The psychology of cheating: ‘Everyone does it, and I’d be an idiot not to do it’
To some it was a fitting end to a pointless witch hunt. After weeks of graphic testimony about steroid use, a jury in San Francisco has cleared former baseball slugger Barry Bonds of all charges but one — obstruction of justice. And even that might not hold.world Updated: Apr 18, 2011 22:33 IST
To some it was a fitting end to a pointless witch hunt. After weeks of graphic testimony about steroid use, a jury in San Francisco has cleared former baseball slugger Barry Bonds of all charges but one — obstruction of justice. And even that might not hold.
But for those who feel most strongly about cheating, the verdict was more like a kick in the stomach. Flouting the rules is, for them, not only morally wrong but a lasting offence. If guilty, offenders should pay, whether they're rich or poor, malingerers or masters of the universe — like the financial figures central to the economic collapse of 2008.
The sentiment runs particularly high now at tax time, when almost everyone thinks that he's paying too much while others cheat.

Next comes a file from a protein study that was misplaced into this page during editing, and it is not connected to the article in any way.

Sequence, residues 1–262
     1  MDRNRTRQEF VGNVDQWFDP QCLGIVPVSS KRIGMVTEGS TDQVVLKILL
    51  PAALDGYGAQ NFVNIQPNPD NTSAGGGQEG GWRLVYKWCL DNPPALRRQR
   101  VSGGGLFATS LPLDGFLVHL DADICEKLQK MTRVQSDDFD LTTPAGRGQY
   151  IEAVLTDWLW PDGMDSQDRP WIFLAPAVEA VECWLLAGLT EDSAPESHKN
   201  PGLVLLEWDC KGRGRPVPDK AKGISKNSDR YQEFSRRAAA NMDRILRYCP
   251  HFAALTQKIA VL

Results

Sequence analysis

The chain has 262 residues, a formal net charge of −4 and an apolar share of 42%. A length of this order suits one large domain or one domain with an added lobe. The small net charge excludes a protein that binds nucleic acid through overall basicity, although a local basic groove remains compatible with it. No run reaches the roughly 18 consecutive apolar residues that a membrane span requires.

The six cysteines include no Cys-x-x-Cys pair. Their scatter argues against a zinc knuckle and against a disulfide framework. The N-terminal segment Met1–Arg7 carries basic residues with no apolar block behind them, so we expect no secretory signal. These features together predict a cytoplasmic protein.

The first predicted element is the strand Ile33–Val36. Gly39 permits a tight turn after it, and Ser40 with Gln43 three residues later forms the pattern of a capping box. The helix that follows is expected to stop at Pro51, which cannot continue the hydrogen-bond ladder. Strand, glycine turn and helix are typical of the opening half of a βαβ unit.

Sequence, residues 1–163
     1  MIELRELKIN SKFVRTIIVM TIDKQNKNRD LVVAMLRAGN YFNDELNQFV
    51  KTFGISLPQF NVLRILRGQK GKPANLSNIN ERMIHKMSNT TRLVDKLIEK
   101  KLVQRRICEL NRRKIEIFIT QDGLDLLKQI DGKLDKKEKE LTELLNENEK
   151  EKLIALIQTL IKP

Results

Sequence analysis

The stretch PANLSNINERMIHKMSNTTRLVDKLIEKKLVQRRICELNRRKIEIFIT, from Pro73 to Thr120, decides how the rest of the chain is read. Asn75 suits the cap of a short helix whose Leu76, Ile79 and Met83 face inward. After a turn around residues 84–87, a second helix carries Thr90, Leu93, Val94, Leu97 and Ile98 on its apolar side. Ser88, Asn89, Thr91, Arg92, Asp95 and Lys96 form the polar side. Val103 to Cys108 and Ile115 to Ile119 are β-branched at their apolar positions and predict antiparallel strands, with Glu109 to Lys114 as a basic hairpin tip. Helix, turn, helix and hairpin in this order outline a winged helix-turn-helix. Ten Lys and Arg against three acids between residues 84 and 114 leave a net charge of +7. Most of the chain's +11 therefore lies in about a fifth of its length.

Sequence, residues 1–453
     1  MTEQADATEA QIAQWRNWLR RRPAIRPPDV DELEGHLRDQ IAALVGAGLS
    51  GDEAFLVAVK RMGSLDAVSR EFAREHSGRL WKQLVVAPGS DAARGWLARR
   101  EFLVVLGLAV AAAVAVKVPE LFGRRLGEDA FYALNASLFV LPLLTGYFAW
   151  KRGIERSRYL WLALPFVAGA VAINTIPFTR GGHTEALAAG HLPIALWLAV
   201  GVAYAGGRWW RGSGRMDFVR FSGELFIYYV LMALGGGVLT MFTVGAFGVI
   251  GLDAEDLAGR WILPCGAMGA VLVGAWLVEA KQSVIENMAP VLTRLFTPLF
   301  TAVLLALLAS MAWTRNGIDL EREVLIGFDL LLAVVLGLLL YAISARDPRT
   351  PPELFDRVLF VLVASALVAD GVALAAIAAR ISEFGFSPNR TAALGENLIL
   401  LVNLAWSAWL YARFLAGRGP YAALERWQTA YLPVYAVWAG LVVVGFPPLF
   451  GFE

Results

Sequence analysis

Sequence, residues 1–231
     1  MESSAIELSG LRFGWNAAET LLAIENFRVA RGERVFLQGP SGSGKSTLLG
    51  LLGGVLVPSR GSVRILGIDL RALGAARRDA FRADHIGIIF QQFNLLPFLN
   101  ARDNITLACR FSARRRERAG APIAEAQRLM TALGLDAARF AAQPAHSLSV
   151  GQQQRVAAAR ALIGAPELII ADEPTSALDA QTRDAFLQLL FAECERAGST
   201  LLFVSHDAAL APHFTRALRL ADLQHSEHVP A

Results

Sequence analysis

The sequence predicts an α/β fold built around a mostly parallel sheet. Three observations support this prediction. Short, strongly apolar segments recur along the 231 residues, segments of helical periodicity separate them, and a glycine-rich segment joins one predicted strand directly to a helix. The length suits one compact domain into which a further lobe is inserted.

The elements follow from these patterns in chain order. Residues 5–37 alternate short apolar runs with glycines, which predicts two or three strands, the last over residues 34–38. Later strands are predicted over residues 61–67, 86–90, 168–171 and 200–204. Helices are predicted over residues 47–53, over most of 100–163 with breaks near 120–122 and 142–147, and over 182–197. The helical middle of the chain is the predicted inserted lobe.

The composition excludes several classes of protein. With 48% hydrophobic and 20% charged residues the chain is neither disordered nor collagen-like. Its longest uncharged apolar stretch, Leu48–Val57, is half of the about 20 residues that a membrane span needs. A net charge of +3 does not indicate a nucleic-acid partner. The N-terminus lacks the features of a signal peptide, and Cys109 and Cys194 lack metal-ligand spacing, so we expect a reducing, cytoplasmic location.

Yet paradoxically, it's often an obsession with fairness that leads people to begin cutting corners in the first place. "Cheating is especially easy to justify when you frame situations to cast yourself as a victim of some kind of unfairness," said Dr Anjan Chatterjee, a neurologist at the University of Pennsylvania who has studied the use of prescription drugs to improve intellectual performance. "Then it becomes a matter of evening the score; you're not cheating, you're restoring fairness."
The boilerplate tale of a good soul gone wrong is well known. It begins with small infractions - illegally downloading a few songs, skimming small amounts from the register, lies of omission on taxes - and grows by increments. The experiment becomes a hobby that becomes a way of life.
In a recent interview with New York magazine, Bernard Madoff said his Ponzi scheme grew from an investment advisory business that he began as a sideline for certain clients.
Once the cheating starts, it's natural to impute it to others. "When it comes to negative characteristics, we tend to overestimate how much others have in common with us," said David Dunning, a psychologist at Cornell University. That is to say: a corner cutter often begins to think everyone else is cheating after he has started cheating, not before. It’s as though people cheat without being aware of it.
Finally, in the winner-take-all environment that characterizes many competitive fields, cheating feels like a hedge against that most degrading sensation: being a chump. The fear of finishing out of the money and hearing someone say, “Wait, you mean to tell me you could have and you didn't?”
It happens everyday to people who resist cheating. Nothing fair about it. NYT